Cycle 5

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We are in the midst of Cycle 5 for Josh’s chemotherapy treatments. When we were told that Josh would go through six cycles of chemotherapy, each about a month a part, this at first seemed very daunting. Josh had already gone through radiation and chemo treatments simultaneously, but back when Josh was still a patient at the Mary Free Bed, we had help from the nurses. Once he was home, we would be administering his chemotherapy ourselves.

But, now that we have four cycles behind us, I have to say that things have gone relatively well. There have been some rough patches, even when he wasn’t on the chemo drugs, but we’ve gotten through them. And, Josh never complained, he just took them each night even though it was a safe bet that they would make him feel crappy later.

I can’t speak for Josh, but I have to admit that it feels momentous that Cycle 6 is already right around the corner followed by scans, and hopefully a final diagnosis stating that he will be done with chemotherapy for a long while. I wouldn’t quite call this feeling as seeing the light at the end of the tunnel, but rather that if everything comes out good after the last cycle it will feel as though we will have a little less to worry about.

And, there is still a lot of work that needs to be done. This winter, he will resume his therapies. He had taken a break from physical and occupational therapy but continued with language. As he has been getting better at getting around with the cane, my hope is that we can begin to work with him on getting back his control of his right arm.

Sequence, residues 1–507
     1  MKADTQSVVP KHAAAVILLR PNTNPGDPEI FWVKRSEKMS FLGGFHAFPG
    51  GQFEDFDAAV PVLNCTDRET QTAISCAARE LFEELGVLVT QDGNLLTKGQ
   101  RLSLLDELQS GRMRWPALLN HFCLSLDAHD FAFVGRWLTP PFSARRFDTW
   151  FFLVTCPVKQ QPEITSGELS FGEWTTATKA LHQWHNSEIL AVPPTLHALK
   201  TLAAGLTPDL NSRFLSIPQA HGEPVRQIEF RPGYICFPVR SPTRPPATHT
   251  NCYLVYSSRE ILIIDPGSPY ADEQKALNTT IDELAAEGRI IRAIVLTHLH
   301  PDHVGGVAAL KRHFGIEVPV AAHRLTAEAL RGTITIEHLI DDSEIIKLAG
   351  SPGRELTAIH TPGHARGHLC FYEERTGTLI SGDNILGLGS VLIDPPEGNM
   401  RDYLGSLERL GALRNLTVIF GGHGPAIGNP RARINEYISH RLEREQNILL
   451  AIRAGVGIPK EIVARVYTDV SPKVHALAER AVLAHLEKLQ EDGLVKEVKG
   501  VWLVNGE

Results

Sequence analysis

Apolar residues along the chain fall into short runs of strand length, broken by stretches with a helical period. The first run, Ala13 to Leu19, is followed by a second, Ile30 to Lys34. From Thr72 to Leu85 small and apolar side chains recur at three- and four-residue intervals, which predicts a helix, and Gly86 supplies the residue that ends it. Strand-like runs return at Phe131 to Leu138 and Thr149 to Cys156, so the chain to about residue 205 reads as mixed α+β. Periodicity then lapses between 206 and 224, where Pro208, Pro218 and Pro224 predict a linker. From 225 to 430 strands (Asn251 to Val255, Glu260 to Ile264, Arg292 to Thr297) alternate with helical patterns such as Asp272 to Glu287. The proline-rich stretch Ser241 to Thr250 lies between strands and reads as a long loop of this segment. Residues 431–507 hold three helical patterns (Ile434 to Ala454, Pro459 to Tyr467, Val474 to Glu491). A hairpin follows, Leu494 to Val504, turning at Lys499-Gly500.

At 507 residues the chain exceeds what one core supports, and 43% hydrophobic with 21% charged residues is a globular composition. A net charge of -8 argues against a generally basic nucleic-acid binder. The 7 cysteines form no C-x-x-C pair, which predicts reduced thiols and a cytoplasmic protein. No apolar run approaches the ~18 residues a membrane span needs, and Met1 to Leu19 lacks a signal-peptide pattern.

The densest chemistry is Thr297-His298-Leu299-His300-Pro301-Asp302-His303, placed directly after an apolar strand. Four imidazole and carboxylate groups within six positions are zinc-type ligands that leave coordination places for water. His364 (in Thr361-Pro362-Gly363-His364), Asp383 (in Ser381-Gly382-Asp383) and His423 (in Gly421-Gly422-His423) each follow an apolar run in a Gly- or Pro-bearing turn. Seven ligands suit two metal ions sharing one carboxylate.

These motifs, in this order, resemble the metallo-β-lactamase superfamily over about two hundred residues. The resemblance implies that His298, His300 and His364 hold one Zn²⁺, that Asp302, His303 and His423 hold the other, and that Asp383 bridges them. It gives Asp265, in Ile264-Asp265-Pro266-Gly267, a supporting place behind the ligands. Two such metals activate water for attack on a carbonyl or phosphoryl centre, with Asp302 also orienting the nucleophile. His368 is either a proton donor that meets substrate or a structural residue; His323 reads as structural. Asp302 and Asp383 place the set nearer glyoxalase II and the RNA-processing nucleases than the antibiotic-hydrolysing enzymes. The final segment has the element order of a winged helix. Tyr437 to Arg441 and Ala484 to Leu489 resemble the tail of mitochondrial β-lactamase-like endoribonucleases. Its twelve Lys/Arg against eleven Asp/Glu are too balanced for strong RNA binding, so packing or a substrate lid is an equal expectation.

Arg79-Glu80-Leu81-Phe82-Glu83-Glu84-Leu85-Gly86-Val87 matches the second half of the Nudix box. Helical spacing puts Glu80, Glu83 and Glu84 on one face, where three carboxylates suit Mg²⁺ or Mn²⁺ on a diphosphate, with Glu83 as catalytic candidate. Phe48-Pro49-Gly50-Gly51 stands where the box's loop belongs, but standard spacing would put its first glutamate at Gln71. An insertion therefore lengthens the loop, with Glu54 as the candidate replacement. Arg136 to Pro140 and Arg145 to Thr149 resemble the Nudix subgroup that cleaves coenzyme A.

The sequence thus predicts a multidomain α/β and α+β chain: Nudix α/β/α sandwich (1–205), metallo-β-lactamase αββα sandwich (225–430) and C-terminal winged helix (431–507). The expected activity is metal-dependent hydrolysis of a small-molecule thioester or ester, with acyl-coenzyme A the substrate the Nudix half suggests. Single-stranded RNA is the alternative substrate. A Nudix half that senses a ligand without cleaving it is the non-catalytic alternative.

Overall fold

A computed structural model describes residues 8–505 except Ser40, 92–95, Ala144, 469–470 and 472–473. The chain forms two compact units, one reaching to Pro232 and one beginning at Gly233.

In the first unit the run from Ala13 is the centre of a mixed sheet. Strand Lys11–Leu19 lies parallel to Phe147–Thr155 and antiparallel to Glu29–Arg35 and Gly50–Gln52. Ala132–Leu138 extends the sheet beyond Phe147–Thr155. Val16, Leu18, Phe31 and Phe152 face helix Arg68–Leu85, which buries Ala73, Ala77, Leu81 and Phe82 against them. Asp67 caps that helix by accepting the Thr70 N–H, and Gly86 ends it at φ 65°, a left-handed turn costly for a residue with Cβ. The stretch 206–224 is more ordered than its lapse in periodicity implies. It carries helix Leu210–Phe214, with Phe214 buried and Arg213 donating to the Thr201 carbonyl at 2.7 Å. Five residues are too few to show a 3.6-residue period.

We are also reaching a point where Josh will be able to continue classes at Shepherd High School. He won’t be able to complete as many classes in the year as a typical student does, but it will be good for him to be making progress. It will also be good for him to get back into the familiar routine, and to see his friends.

So, I am hoping that the next couple of months will go smoothly, and that we hear some good news from the doctors in January. I feel like reaching the end of Josh’s six cycles of chemotherapy will feel like completing a journey that started last March when Josh was first diagnosed with brain cancer. Everything that he is still dealing with was caused by the tumor that was in his head or, indirectly, the surgery to remove the tumor. Even if the chemotherapy can end, Josh will still return every few months for follow up scans, but that seems tolerable after everything he’s been through so far.

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